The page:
The Welsh despatched them with consummate ease, their forwards dominating proceedings. John controlled the game with his kicking and remained an ever potent threat with his drop-kicking ability.
A draw against France denied Wales the Grand Slam, but the Triple Crown was secured with an emphatic victory over England. While John scored himself, the game is best remembered for the four tries scored by Maurice Richards.
Wales’ dominion was set to begin.
The partnership between John and Edwards lit up the 1971 Five Nations championship. Seen as the greatest squad ever to be fielded by Wales, the team beat the home nations to acquire the Triple Crown, before defeating France in their final match to win the Grand Slam. John would have a fantastic tournament, and later in the year would be selected to tour New Zealand with the British Lions.
John had not had the best experience when he had last visited New Zealand, with Wales back in 1969. Beaten soundly in both tests by the All Blacks, they managed only minor redemption in beating Australia and Fiji on the way home. John was determined not to let the same happen again.
Under the guidance of the man from his home town, Carwyn James, John would cement his status as a legend of the game, playing some incredible rugby. Despite the opening game of the tour against Queensland ending in a loss for the touring side, win was followed by win, and by the time the first test had come around, Barry John had played six games.
With the luxury of steady ball that the dominant pack afforded him, John’s consummate kicking kept the All Blacks on the back foot throughout the match. Two penalties from John and a try from Ian McLauchlan earned the Lions a 9 points to 3 victory. Terrorised fullback Fergie McCormick would never play for his country again.
The All Blacks were in a panic.
New Zealand were left having to make their selections based on the threat one man posed.
The second test was a resounding defeat for the tourists. The home side had clearly made the right changes to their team, but many of the Lions would later admit that they had perhaps gone into this second test overconfident after their victory in the first.
Either way, the series was tied going into the third game, and a win became paramount.
There was no arrogance to Barry John, he just had a confidence in his own ability and an assuredness that permeated to his team-mates. His ability to appear composed with the ball and in control at all times was a mental support for those around him as much as it sapped the morale of the opposition.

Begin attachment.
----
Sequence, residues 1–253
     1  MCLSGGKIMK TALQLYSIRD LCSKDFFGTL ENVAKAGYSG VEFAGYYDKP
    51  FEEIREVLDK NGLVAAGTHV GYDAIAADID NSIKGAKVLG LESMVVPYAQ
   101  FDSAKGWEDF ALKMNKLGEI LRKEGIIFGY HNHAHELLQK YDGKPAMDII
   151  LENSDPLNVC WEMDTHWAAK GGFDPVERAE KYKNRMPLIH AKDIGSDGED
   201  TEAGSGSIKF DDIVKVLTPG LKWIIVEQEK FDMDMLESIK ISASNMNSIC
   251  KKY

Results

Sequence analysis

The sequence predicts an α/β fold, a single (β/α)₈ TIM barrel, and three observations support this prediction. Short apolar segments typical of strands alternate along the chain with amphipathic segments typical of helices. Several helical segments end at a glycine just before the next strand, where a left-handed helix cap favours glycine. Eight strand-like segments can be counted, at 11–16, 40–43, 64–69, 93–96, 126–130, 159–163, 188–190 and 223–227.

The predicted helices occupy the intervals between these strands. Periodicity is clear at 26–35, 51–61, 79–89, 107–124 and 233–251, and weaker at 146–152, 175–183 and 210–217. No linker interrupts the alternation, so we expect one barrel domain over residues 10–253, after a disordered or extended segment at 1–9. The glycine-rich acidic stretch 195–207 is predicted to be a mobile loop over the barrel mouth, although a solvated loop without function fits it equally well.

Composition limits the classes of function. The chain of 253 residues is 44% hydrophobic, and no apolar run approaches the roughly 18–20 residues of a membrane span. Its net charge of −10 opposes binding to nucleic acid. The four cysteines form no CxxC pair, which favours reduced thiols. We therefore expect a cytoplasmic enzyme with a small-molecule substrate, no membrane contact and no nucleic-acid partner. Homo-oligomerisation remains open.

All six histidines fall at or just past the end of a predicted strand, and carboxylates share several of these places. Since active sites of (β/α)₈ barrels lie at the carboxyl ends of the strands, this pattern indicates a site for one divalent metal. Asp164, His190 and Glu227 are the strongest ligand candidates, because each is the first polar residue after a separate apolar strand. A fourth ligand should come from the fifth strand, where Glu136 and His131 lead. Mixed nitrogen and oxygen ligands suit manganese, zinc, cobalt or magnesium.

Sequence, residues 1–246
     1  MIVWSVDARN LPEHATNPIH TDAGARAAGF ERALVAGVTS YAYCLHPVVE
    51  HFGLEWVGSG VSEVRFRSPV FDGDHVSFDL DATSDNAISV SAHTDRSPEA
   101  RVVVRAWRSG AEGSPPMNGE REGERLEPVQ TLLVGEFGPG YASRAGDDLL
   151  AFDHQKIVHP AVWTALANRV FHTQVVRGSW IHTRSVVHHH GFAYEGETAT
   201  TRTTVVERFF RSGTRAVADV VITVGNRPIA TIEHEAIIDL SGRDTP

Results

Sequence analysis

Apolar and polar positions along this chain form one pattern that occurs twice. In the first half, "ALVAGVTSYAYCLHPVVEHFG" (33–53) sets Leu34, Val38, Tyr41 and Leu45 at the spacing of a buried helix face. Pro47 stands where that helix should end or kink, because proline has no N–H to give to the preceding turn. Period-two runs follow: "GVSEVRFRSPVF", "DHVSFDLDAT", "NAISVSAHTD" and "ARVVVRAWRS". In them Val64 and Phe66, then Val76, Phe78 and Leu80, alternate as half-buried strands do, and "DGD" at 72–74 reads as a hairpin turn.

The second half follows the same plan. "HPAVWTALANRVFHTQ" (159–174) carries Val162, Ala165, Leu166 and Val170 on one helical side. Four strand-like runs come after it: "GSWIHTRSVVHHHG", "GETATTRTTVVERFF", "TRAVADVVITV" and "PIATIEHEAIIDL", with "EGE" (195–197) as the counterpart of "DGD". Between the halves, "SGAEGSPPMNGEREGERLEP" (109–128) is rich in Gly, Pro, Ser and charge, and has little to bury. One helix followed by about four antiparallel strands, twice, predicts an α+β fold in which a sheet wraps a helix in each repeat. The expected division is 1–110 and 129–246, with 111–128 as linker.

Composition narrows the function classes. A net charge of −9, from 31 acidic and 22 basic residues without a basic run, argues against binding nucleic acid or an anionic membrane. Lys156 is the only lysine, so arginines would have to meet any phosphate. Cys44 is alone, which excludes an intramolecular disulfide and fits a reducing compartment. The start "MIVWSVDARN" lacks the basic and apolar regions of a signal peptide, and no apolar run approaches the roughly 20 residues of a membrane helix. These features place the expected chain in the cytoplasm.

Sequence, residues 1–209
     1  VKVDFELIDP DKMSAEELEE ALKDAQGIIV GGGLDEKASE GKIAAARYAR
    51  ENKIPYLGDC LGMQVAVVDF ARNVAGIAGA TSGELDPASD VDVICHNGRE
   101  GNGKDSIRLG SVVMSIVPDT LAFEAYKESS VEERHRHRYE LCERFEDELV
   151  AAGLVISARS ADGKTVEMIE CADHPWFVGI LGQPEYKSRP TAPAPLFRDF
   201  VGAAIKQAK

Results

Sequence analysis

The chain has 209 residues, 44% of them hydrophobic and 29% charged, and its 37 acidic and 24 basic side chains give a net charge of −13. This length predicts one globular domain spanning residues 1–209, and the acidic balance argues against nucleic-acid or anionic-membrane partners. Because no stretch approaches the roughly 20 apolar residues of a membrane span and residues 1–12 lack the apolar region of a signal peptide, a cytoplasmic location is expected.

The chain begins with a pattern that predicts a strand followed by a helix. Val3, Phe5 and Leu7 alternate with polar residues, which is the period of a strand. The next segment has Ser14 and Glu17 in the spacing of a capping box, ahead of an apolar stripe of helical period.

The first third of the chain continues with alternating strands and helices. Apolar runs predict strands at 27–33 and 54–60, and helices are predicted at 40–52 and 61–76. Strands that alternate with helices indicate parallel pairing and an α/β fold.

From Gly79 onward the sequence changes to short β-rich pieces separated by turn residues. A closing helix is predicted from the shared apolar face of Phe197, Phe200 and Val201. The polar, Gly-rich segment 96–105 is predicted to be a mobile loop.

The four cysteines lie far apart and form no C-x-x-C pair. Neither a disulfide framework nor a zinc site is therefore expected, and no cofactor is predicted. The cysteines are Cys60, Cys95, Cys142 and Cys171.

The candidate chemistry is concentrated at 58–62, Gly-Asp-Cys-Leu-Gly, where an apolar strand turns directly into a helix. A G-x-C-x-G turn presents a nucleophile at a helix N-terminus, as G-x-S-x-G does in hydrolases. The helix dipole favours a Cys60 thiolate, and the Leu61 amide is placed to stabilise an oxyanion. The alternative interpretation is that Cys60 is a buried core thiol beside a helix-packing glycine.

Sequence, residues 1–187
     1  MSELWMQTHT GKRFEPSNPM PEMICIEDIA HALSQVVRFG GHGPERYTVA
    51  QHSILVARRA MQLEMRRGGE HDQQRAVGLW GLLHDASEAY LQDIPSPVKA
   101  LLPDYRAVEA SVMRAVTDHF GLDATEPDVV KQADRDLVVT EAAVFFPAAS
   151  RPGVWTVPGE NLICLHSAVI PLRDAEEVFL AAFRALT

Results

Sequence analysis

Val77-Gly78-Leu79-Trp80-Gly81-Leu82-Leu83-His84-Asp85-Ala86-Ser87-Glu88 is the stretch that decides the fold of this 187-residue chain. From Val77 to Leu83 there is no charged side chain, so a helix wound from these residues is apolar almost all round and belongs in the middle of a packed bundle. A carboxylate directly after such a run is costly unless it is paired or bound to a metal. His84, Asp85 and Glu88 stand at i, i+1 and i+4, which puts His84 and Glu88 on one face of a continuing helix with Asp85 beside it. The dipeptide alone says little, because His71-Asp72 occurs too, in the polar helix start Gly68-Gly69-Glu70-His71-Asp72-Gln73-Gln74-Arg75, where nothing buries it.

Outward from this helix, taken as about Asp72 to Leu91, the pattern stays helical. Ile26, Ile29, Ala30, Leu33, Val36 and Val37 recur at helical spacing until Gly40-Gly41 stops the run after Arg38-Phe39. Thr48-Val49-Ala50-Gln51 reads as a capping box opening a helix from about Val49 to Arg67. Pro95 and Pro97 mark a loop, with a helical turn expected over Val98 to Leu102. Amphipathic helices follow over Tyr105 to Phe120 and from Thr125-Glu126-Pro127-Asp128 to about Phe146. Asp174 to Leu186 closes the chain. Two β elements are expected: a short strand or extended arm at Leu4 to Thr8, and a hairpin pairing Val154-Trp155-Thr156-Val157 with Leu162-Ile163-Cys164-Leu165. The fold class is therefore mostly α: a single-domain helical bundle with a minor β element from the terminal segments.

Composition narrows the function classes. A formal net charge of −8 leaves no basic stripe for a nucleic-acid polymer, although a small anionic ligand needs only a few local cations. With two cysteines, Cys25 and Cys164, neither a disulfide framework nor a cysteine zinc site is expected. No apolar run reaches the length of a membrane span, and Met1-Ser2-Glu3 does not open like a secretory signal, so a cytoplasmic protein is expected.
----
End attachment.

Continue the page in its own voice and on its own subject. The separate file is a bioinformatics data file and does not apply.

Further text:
His try in the third test set the Lions on their way, and with two conversions and a drop goal, John finished the game having scored 10 of the Lions’ 13 points.
He returned from the tour a hero. Christened ‘The King’ by the New Zealand press, he had marked his name into the history books.
Within a year however, he had retired from rugby at the age of 27.
Rugby was now an amateur sport in a televised age, and Barry John had become the most recognisable star in the game. The expectations and pressure applied to the shoulders of young men by so many people would take their toll. Indeed, John cited these pressures from the country and the media as the reason he retired. There was no support network in place that could advise players, or indeed any pay structures. These were amateur players doing it for the love of the game, and these pressures were undoubtably an incredible burden.
Barry John possessed a poise and grace when running with the ball in hand. He would glide effortlessly, almost swaying past defenders, and it is hard to see how he compares to modern greats when the game is so different.
Jonny Wilkinson is renowned for his hard work on the training field. The hours and hours of practice he put in delivered a glittering career, and it’s hard not to wonder just how good Barry John could have been if he had been afforded the comparative luxuries players have today.
Watch back any videos of the Five Nations championships from the early 70s and you can quickly see the soggy, mud soaked pitches. Quite how a player could play so effortlessly, and control the ball so well when it was greasy and wet really is something. Indeed, if one considers the balls used then too, that he could do what he could becomes all the more miraculous.
His majesty on the field of play has rarely been matched, and he remains a golden boy in a golden age of Welsh rugby.